We know from Steve Johnson and Matt Ridley that the acquisition of new ideas has a social dimension. It arises from exchanges. So let us ask a question based on this. Where in society are exchanges most lacking? If we can answer this question, we can see where the most value added possibilities are to build them.
Before thinking deeply about the present, what about the past? I would argue that in the last several hundred years, exchanges were perhaps most lacking between governed and governing. The dividing lines between classes blocked this type of exchange. Democracy — as flawed as it is — opened the door for better exchanges.
Another area was between owners of capital and entrepreneurs. Capital was, in the old days, mostly land based (in the country). Entrepreneurs? Well, they were mostly sailing the high seas. Joint stock companies helped make better exchanges.
These days, we are told that companies are under pressure as never before to innovate. Changes come faster. How do they do this? By attracting and nurturing top talent. So you would expect that we need better exchanges between institutions that nurture talent (schools and such) and companies that use it. And this is starting to develop. For example,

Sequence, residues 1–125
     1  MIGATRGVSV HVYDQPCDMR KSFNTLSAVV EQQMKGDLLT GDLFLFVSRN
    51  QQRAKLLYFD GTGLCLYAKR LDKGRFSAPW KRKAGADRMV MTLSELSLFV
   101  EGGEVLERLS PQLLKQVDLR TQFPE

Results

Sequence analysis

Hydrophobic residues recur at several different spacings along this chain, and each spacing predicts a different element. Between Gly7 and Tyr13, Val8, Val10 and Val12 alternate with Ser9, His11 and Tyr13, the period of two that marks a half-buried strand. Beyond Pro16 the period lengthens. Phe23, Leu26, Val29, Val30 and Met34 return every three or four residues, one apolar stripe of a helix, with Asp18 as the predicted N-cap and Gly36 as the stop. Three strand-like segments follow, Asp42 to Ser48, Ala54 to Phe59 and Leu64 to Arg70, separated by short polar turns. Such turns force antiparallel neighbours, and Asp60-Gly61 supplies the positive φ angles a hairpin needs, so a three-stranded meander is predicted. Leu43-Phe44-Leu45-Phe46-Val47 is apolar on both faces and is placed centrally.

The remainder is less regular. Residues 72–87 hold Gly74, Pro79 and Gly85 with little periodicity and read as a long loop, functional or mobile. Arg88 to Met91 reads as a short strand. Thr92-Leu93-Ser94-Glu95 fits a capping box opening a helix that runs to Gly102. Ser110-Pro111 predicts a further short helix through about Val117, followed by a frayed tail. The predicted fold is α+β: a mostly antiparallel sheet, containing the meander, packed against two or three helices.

Michael Kris, Middle School Principal at Trinity Valley School in Texas, is a K-12 EdLeader … is leading the way in building these types of connections. This year, he kicked off a project titled, Project 2025: How Teachers Research the Future. As part of the project, he shared three key goals:
Strengthen understandings of twenty-first century skills so that they can connect with the needs of students’ future selves and equip them with the skills they need to face the modern workforce with confidence;
Use this new understanding to augment academic programs and create additional innovative and robust experiences for students; and
Build connections between his school and the external community in ways that might be mutually beneficial.
To achieve these goals, Mike asked teachers to schedule a call with an industry leader outside the field of K-12 education, so that they could learn, “What skills, habits, or mindsets make people successful in your field.” I learned about the project after speaking with one of the teachers. It gave me the chance to share the skills we look for when we hire.
The problem is so obvious that we do not notice it.